Saturday, February 8, 2014

Fernandina Island

Fernandina is the youngest and least vegetated of the islands. Because it is so young and also the furthest west it is also the most pristine island, probably in the world. This is one island in the group that has managed to stay free of any introduced species. The upwelling of the Cromwell current provides ample nutrients for the fauna that inhabit the island. 
Lava cactus beginning to colonize
Examining a whale skeleton
We left the pangas in a mango grove for our walk around Point Espinosa. After the short walk through the trees we spent the rest of the walk navigating the lava flows observing the largest group of marine iguanas along with several of the endemic birds of the islands. Of particular interest were the migrating shorebirds that are regularly seen here along the Washington and Oregon coasts: whimbrel, ruddy turnstone, willet, and semi-palmated plover. While it was a disappointingly cloudy morning, I was still able to get some good pictures of the iguanas and flightless cormorants. It was also my first chance to get a good look at the Galapagos Dove that I saw from a distance at the airport.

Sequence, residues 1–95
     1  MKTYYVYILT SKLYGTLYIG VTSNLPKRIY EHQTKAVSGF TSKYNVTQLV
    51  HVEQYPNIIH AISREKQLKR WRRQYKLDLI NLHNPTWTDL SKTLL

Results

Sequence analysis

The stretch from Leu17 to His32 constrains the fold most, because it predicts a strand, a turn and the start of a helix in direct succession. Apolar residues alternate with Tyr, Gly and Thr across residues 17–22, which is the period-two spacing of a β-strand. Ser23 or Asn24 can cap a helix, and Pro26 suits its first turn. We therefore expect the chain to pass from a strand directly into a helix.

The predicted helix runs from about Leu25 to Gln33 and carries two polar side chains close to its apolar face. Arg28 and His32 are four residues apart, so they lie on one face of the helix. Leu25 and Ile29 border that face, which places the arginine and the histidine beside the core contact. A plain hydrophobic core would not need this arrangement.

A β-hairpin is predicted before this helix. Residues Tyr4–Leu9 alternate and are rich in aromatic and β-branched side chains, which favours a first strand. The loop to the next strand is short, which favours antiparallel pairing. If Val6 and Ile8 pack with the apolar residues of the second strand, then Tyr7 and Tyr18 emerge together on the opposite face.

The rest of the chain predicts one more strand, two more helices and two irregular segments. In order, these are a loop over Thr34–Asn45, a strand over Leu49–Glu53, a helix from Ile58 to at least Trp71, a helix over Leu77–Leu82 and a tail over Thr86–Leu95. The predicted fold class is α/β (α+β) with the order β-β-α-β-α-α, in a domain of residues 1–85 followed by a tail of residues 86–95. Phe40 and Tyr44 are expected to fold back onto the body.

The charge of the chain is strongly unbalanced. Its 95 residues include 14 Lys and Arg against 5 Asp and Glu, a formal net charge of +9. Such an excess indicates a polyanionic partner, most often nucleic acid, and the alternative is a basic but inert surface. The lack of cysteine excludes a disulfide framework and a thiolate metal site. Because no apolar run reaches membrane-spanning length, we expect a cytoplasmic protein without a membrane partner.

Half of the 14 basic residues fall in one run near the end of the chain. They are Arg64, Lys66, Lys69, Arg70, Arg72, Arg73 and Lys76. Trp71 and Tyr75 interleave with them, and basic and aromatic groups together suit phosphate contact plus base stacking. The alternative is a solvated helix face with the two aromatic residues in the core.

It's easy to see why these are Flightless Cormorants

It is the fighting season

Galapagos Dove
We got some really good views of male iguanas beginning to compete as the breeding season begins. You can tell that they are ready to fight when they begin to bob their heads. While we saw a lot of this aggressive behavior, we didn’t see any actual fighting. We also witnessed a couple of the flightless cormorants fighting over territory by the shore. 

Too many to count

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